14.2 In the matter of Ms. Subasri Realty Private Limited Vs. Mr. N. Subramanian & Anr. [Company Appeal (AT) (Insolvency) No. 290 of 2017), the Hon’ble NCLAT clarified that after appointment of the RP and declaration of moratorium, the Board of Director of a CD stands suspended, but that does not amount to suspension of Managing Director (MD) or any of the directors or officers or employees of the CD. To ensure that the CD remains a going concern, all the directors and employees are required to function and assist the RP, who manages the affairs of the CD during the CIRP. This makes it clear that the IRP or RP, as the case may be, shall endeavour to make use of resources available within the CD and he may appoint professionals from outside when the situation warrants.
14.3 The Regulations, however, require appointment of a professional for certain services. An IRP/RP is required to appoint two registered valuers for estimation of fair value and liquidation value of the CD. Even if the CD has personnel qualified in valuation, the IP must appoint registered valuers for valuation.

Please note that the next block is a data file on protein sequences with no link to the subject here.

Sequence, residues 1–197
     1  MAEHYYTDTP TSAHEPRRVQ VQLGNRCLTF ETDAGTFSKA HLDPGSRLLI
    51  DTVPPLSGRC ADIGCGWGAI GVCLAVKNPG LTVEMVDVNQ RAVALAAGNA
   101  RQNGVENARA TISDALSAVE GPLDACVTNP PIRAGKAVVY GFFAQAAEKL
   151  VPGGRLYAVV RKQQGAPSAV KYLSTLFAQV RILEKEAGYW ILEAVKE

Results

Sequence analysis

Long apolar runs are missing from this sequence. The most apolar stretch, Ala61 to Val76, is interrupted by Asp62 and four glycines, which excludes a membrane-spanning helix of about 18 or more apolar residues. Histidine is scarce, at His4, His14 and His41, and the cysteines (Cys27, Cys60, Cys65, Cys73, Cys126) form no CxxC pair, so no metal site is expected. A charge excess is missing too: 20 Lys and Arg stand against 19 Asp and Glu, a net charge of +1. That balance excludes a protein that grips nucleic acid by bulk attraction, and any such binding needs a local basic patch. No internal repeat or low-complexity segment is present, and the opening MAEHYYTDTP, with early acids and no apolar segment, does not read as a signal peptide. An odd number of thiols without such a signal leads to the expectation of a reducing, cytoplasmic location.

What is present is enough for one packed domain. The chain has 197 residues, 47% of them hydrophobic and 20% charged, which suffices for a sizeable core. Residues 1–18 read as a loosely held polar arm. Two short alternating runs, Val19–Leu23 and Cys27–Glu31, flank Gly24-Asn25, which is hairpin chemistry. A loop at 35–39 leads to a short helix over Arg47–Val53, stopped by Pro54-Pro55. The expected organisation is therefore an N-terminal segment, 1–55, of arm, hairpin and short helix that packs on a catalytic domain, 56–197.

15. How should a professional be selected / identified for appointment? How can he be removed?
15.1 The regulations and circulars require that appointment of any professional must be at arms’ length. Neither the IP nor the professional shall have any conflict of interests. The IP must select the professionals on merit and not under influence of any other person. He must maintain written records regarding appointment of any professional.
15.2 In the interest of objectivity and transparency, it is suggested that a professional may be selected through invitation of expression of interest / quotes, keeping in view suitability, expertise, costs, and other relevant parameters. An alternative suggested is to select professionals from a panel of professionals maintained by an IPA.